DETROIT — The emergency manager for Flint, Michigan, appointed by Gov. Rick Snyder in 2012, rejected using the city’s river as drinking water after consulting with the state’s environmental protection agency.
Snyder appointed Ed Kurtz to be Flint’s second emergency manager and Kurtz selected Jerry Ambrose to be the city’s chief financial officer. Both men were tasked by the Republican governor’s administration with restructuring the city’s government to save money after it was in danger of becoming insolvent. One cost-saving measure considered was to quit buying municipal water from Detroit.
In a civil deposition not reported until now, Ambrose testified under oath that emergency manager Kurtz considered a proposal to use the Flint River, discussed the option with the Michigan Department of Environmental Quality, and then rejected it.
In 2014, Ambrose was deposed in a civil lawsuit brought by retired Flint municipal workers against the state over severe cuts to their health care benefits. Attorney Alec Gibbs questioned Ambrose about the water decision (a year before Flint learned it was being poisoned).
“There was brief evaluation of whether the city would be better off to simply use the Flint River as its primary source of water over the long term,” Ambrose said. “That was determined not to be feasible.”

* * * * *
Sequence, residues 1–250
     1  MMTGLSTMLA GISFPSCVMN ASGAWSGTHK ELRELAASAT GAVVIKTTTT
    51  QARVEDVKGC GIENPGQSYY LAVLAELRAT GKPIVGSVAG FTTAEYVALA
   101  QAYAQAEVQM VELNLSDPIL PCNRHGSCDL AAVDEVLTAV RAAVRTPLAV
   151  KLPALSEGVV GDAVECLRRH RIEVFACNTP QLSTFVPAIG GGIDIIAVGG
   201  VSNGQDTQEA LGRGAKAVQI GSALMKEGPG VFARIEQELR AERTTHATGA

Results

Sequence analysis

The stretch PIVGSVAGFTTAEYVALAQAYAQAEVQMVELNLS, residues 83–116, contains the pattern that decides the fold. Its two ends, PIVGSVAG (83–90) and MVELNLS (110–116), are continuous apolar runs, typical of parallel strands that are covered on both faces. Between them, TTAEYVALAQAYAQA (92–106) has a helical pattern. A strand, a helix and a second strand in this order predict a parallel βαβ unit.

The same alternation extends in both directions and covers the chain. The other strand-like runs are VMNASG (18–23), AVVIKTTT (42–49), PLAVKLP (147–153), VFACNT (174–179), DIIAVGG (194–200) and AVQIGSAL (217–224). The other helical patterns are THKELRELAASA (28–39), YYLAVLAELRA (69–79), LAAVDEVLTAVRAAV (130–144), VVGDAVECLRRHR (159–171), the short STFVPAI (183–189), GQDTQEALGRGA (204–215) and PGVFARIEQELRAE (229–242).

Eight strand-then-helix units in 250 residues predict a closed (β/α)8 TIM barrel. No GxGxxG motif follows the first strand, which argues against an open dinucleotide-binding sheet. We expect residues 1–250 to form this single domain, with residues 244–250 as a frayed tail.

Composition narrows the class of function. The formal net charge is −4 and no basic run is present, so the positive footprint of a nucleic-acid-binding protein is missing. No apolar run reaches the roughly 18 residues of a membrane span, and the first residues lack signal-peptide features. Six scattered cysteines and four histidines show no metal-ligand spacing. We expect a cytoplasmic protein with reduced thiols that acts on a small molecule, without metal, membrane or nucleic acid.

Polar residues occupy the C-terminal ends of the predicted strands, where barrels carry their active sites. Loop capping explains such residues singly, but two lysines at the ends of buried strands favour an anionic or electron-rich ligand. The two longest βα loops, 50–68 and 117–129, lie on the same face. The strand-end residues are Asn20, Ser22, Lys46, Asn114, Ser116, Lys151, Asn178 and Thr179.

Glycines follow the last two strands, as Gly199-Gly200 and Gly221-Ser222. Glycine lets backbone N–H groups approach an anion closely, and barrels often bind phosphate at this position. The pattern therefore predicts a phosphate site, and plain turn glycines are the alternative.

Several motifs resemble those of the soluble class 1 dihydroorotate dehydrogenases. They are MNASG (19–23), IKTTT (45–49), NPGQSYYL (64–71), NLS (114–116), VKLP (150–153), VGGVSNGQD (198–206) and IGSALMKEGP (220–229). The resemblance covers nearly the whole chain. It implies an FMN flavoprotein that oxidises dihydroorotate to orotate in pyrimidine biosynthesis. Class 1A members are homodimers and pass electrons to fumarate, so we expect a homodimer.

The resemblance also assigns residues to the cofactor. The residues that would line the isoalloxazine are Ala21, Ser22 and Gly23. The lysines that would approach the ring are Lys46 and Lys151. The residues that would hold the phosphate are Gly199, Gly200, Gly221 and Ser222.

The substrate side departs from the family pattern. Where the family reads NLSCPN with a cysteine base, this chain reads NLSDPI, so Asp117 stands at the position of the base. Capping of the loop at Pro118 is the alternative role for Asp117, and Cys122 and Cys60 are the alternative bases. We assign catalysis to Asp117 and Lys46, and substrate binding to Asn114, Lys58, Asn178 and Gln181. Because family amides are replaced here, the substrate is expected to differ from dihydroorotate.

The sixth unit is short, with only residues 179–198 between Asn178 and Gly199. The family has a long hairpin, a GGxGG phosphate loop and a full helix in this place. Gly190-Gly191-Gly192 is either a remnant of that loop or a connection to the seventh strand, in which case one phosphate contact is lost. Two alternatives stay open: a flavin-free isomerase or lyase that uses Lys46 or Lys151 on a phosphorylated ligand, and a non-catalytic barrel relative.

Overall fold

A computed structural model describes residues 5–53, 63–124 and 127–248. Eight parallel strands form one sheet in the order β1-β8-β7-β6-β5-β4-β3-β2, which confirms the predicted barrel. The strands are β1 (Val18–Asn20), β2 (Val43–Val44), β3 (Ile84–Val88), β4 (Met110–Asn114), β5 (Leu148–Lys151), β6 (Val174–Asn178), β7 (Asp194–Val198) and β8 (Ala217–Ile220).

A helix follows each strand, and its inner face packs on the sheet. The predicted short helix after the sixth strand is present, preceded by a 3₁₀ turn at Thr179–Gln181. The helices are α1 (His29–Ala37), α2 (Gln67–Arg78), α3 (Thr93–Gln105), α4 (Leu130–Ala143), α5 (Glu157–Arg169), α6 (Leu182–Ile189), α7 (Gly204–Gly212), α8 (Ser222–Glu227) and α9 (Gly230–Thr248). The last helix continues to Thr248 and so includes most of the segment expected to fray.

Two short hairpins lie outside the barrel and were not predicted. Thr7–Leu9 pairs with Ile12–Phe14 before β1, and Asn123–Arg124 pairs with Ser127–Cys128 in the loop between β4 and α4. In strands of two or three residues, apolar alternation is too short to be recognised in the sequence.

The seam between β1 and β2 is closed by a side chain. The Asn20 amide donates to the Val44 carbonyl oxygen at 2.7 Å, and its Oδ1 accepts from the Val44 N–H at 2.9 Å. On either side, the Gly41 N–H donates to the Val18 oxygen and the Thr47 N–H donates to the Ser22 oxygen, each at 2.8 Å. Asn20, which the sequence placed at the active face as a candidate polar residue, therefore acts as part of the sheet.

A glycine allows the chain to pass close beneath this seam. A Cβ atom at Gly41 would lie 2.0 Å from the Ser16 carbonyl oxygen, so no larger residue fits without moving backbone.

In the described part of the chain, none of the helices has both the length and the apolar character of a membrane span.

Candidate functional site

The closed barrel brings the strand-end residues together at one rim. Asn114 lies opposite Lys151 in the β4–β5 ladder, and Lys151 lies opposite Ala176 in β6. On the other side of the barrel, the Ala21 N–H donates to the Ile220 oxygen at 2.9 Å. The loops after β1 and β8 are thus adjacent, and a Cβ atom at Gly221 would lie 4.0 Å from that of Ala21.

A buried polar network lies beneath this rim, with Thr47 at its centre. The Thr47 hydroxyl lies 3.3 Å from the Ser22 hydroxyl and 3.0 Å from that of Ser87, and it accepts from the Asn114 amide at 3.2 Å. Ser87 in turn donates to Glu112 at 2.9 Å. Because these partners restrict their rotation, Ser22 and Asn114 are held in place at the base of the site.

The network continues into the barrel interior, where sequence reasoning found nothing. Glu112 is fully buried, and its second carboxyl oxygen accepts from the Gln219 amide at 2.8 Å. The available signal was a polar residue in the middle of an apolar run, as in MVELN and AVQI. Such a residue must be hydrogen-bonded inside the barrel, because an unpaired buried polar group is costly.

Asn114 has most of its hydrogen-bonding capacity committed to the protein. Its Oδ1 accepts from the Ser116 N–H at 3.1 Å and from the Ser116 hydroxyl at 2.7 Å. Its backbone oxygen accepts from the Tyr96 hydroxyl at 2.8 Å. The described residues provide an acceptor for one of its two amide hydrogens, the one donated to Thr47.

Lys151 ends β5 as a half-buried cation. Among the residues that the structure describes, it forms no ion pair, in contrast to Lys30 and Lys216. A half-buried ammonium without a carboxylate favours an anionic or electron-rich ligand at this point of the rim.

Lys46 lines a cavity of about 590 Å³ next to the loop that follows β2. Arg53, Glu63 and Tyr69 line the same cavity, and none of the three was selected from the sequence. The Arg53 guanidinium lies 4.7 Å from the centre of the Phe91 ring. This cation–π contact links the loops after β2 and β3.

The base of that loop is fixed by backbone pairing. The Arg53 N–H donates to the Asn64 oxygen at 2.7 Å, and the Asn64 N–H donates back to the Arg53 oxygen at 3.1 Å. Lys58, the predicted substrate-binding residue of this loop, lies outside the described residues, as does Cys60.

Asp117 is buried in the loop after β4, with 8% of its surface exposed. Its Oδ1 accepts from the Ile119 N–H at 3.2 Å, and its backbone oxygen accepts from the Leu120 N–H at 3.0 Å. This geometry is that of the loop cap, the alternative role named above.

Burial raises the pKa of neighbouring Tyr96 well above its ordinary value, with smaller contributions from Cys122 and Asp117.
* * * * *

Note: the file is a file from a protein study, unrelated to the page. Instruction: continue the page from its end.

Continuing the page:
“Who determined it wasn’t feasible?” Gibbs asked.
“It was a collective decision of the emergency management team based on conversations with the MDEQ that indicated they would not be supportive of the use of the Flint River on a long-term basis as a primary source of water,” Ambrose answered.
“What was the reason they gave?” Gibbs asked.
“You’ll have to ask them,” Ambrose said.
How could the river that was rejected as Flint’s permanent water source in December 2012 suddenly become suitable for consumption a mere 16 months later?
And who actually made the disastrous choice to start using the previously rejected river as the city’s temporary water source?
Howard Croft, the former director of public works for Flint who resigned in November 2015, asserted more than four months ago in a videotaped interview with the ACLU of Michigan that the decision to use the dangerously corrosive river came directly from the Snyder administration.
In the interview, Croft said that the decision to use the river was a financial one, with a review that “went up through the state.”
“All the way to the governor’s office?” the ACLU of Michigan asked him.
“All the way to the governor’s office,” Croft replied.
When questioned about Croft’s accusation in October, Sara Wurfel, Snyder’s spokeswoman at the time, offered up the false claim that the governor could not have made the decision to use the river because the city had been kicked off of Detroit’s system.
“The Detroit Water and Sewer Department at the time, back last spring, said, ‘Hey, we’re gonna cut you off.’”
This is a lie.
In a letter obtained by the ACLU of Michigan (PDF), emergency manager Darnell Earley wrote to DWSD in March 2014: